Spot male intimate partner violence
Male intimate partner violence is sometimes difficult to detect. Far from always being visible, abuse comes in many forms. There are a number of clues that can help you to tell them apart.
- are inevitable in a couple’s relationship;
- allow for differences of opinion to be expressed; and
- are usually resolved through discussion and compromise between the partners.
- is used to control and dominate the partner;
- manifests itself in unacceptable behaviour with serious physical, psychological and social consequences; and
- only ends if the woman agrees to submit to her partner’s will.
Detecting forms of violence violence
Verbal violence is manifested by sarcasm, insults, shouting, denigrating and humiliating remarks, blackmail, threats or brutal orders on the part of the male partner.
Verbal intimidation sets the stage for physical violence, creates insecurity or fear and prevents the female partner from escaping the situation.
Emotional abuse is the devaluing of the other person. It takes the form of contemptuous attitudes and words, humiliation, denigration, blackmail or neglect. It can also take the form of isolation imposed by the man. In some cases, the abuser may use his spiritual beliefs to justify his dominance and power.
Psychological abuse undermines self-esteem and self-confidence. It allows doubt to creep into the victim’s mind, causing her to doubt her partner’s responsibility for the situation.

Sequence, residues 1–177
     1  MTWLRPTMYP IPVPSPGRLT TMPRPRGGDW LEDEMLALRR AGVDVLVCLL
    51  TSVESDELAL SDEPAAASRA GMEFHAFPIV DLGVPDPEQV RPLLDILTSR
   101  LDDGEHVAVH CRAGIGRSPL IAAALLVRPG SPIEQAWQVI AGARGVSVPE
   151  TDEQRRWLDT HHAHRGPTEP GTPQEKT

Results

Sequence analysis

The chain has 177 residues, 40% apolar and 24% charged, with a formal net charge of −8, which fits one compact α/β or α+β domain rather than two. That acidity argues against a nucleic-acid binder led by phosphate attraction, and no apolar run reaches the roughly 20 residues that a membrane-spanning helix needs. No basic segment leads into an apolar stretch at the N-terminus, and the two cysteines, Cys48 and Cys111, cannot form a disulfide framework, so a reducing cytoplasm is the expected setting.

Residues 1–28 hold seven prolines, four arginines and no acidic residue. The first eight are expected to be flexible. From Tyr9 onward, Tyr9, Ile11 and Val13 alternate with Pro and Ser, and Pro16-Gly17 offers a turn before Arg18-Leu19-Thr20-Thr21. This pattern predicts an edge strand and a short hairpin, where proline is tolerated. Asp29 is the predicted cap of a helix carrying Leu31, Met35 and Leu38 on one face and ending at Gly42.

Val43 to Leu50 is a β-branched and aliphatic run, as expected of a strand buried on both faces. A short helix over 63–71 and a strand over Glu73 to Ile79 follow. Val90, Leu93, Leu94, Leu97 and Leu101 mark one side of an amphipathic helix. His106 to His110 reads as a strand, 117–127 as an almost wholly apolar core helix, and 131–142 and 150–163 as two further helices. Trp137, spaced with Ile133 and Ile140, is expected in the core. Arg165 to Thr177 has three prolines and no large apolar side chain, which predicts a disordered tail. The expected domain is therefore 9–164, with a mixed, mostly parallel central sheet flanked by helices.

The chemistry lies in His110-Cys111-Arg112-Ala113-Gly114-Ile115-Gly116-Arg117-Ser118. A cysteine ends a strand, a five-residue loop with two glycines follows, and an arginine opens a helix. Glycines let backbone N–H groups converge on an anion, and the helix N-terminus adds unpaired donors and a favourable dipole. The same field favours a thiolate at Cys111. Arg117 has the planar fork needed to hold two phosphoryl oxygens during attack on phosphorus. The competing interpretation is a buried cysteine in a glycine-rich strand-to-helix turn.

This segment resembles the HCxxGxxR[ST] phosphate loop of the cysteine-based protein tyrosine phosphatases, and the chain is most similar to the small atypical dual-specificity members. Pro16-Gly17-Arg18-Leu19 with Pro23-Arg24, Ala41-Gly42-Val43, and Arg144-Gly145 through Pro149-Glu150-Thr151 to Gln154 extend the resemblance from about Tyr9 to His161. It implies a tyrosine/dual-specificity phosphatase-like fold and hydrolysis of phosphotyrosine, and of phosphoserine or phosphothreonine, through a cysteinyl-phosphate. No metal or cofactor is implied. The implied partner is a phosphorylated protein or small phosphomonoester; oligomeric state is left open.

Economic violence is characterised by the man’s domination of his wife’s financial and material resources. The couple’s and the woman’s finances are controlled and monitored, so she has no power to decide anything in this regard, regardless of whether she works outside the home.
These actions lead to financial dependence.
Social violence is characterised by the control of the woman’s interpersonal relationships outside the couple (with her parents, children, adults, siblings, friends, co-workers, others around her).
The more socially isolated the woman is, the more vulnerable she becomes to other forms of violence.
Sexual violence affects the woman’s sexual integrity. It goes beyond sexuality itself, in that it aims to dominate the other in her most intimate self. It is sexual assault, harassment, intimidation, manipulation, brutality, with a view to a non-consensual sexual relationship.
Some women consent to sex in the hope of keeping the peace and avoiding violence.
Physical violence asserts the abuser’s dominance. It manifests itself in blows and injuries of all kinds, ranging from shoving, burning, biting and breaking to femicide. Physical abuse is often disguised as an accident.
Serious injury, death.
Serious consequences for children
The exposure of children to intimate partner violence is considered a form of psychological abuse under the Youth Protection Act. Whether they are present during episodes of violence or hear them, these children experience a climate of tension and fear and can be affected physically, psychologically, emotionally, cognitively and socially.